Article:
Panola College's M.P. Baker Library

Written by Teresa Beasley.

A Storehouse of Knowledge

A recent post on Facebook showed a photo of a cabinet of library cards with this wording: “Don’t complain about your research project. This was my Google.” Technology has impacted all facets of our lives, including libraries, which are now referred to as Learning Resource Centers. The M.P. Baker Library at Panola College stays ahead of the curve through the efforts of Library Director Cristie Ferguson and academic librarian Sherri Baker.


Panola County citizens are lucky to have access to multiple libraries, from the special historical collections at the Old Jail Museum, to the Sammy Brown Public Library, to the M.P. Baker Library at Panola College.

Faculty, staff, and students use their Panola College IDs as library cards,” Cristie explains. “Other patrons need a free TexShare card from their local library to gain access to materials at our library. But anyone can visit the library to attend events, such as our Lunchbox Lectures. And access to our WiFi is free.”

Panola County citizens can obtain a TexShare card at the Sammy Brown Library while faculty and students can obtain one from the College library. With that card, patrons can visit any of the other libraries that are members of the TexShare consortium throughout the state and gain access to materials in person. They can also borrow materials from those other libraries through interlibrary loan. ILL allows access to materials from all over the world and those from Texas libraries are usually free.

Much has changed since the M.P. Baker Library was established in a suite of rooms in the west end of the Martha Miller Administration Building. In 1965, a new, two-story building was constructed in the middle of the campus. That building served as the college library for 44 years until 2009, when an expansion project was completed.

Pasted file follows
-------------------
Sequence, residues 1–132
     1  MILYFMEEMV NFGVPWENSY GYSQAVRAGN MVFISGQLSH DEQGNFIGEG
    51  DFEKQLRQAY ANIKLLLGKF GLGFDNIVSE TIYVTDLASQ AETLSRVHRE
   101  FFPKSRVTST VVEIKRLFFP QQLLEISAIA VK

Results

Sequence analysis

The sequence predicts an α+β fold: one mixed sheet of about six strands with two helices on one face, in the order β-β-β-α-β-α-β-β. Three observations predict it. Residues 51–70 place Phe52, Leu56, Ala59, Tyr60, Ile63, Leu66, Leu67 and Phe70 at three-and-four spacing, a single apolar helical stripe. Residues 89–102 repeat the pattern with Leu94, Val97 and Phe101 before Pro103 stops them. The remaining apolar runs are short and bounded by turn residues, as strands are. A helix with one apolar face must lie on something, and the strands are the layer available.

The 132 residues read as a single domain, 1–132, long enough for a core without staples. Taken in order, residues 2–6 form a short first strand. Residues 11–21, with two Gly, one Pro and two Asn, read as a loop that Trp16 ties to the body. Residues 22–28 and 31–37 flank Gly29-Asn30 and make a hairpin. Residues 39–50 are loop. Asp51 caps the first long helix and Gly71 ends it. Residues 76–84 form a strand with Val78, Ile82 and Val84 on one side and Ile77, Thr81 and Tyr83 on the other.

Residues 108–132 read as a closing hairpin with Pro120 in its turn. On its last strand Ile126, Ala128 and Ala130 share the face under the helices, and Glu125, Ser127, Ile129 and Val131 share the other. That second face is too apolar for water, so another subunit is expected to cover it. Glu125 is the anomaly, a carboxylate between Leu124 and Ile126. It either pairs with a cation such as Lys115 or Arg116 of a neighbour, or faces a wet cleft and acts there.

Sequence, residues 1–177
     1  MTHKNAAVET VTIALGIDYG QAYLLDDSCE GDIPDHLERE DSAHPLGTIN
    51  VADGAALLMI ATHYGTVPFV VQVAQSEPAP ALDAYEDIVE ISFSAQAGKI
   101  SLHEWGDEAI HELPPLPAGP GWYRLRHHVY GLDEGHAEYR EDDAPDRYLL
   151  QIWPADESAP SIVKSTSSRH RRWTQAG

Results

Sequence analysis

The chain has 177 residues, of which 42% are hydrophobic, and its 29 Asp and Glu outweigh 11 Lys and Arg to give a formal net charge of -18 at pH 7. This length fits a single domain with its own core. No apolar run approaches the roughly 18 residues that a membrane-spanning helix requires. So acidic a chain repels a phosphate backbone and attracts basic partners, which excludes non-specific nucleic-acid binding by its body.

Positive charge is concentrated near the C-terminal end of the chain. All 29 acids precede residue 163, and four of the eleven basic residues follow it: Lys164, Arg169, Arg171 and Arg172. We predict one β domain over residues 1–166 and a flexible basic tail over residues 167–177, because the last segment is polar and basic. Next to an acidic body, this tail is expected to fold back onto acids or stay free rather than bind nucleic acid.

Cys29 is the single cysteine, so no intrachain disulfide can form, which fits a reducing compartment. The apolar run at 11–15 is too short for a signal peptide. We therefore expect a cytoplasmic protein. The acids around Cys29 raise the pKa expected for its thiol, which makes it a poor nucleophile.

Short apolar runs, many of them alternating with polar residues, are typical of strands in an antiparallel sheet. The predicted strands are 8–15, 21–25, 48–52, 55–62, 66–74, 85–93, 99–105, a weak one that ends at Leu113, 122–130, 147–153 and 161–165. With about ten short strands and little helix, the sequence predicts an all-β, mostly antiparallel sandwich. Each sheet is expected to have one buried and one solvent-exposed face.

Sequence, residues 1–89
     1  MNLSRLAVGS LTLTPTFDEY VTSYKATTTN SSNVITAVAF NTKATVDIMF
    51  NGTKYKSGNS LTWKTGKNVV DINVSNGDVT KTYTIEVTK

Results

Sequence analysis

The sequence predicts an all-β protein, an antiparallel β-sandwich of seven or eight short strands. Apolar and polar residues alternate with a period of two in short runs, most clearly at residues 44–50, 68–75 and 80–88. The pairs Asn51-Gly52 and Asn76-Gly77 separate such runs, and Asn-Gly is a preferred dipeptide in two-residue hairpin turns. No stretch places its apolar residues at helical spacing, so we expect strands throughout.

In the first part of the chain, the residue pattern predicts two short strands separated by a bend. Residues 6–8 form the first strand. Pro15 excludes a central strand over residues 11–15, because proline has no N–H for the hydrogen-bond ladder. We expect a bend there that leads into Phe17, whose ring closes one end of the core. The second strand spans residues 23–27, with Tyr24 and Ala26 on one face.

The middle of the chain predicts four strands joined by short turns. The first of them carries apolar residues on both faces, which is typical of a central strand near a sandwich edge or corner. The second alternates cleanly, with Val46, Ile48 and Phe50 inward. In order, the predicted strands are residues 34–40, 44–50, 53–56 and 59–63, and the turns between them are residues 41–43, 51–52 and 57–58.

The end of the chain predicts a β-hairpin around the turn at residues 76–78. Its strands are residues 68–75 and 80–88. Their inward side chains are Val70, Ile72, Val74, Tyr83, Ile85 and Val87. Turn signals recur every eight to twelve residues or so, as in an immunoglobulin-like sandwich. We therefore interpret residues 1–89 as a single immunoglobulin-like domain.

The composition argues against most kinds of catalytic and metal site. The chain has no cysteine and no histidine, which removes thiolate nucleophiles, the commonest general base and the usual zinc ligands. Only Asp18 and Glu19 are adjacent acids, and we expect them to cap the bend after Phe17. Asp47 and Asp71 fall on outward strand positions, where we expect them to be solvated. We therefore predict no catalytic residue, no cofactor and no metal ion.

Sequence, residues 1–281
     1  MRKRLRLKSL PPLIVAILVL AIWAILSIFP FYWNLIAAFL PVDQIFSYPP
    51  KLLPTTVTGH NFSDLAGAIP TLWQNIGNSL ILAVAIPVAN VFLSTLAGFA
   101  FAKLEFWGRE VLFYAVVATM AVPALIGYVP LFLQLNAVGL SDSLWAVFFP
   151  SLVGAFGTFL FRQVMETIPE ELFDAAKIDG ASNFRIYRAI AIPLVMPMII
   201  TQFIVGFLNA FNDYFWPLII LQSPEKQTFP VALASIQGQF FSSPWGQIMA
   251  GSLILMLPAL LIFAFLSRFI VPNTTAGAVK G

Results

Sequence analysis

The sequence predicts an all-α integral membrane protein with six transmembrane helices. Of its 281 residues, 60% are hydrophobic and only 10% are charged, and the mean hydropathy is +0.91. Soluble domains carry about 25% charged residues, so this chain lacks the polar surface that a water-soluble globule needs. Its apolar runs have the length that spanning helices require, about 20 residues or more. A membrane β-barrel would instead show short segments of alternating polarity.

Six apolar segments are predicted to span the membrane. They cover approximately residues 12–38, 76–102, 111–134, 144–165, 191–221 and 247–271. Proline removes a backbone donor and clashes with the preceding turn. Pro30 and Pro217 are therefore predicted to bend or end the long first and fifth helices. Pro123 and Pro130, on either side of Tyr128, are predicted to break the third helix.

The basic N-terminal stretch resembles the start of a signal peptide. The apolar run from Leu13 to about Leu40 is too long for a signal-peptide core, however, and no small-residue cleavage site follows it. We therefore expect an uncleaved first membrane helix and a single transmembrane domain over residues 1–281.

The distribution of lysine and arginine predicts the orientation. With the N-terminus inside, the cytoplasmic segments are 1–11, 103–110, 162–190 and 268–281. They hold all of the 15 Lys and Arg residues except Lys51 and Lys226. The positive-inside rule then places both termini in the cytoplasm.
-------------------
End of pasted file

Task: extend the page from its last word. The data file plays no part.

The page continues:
The expansion project took the building from 11,000 to more than 31,000 square feet,” Cristie says. “The newly expanded building includes the addition of the Fay Allison Gallery for exhibits, seven study rooms, a 32-student computer classroom, two community rooms, and a large vending area.”

Cristie was not born when the M.P. Baker Library announced in the 1950s college catalog that its collection included 3,000 volumes and nearly 100 magazine and newspaper subscriptions.

Today, the collection has more than 25,000 print books, about 4,000 audiovisual materials, and about 20 magazine and newspaper subscriptions,” Cristie notes.

The reduction in printed magazine and newspaper subscriptions mirrors the change in access to media from online resources. The M.P. Baker Library’s primary mission is to serve as a Learning Resource Center for students and faculty. To meet that goal, the Library offers more than 70 databases, providing access to more than 18,000,000 electronic journals, magazines, newspapers, and streaming audiovisual materials.

We also have a collection of more than 600,000 eBooks,” Cristie says. “As members of the TexShare Consortium, a network of almost 700 libraries administered by the Texas State Library and Archives Commission, we are able to offer interlibrary loan services to our patrons. They can borrow and lend almost anything a person could want from another TexShare library for free.”

Only about 10 percent of the College’s more than 2,500 students live on campus, but the M.P. Baker Library’s online presence makes its resources available to all, no matter where they are located.

Our primary focus is to support the curriculum and instruction of the institution we serve, including the off-campus sites of Panola College in Marshall at the Marshall College Center in the Marshall Mall, the Shelby Regional Training Center adjacent to the Center High School campus, the Shelby College Center on the loop in Center, and the 14 high schools in the College’s four-county service area where dual credit classes are offered,” Cristie says.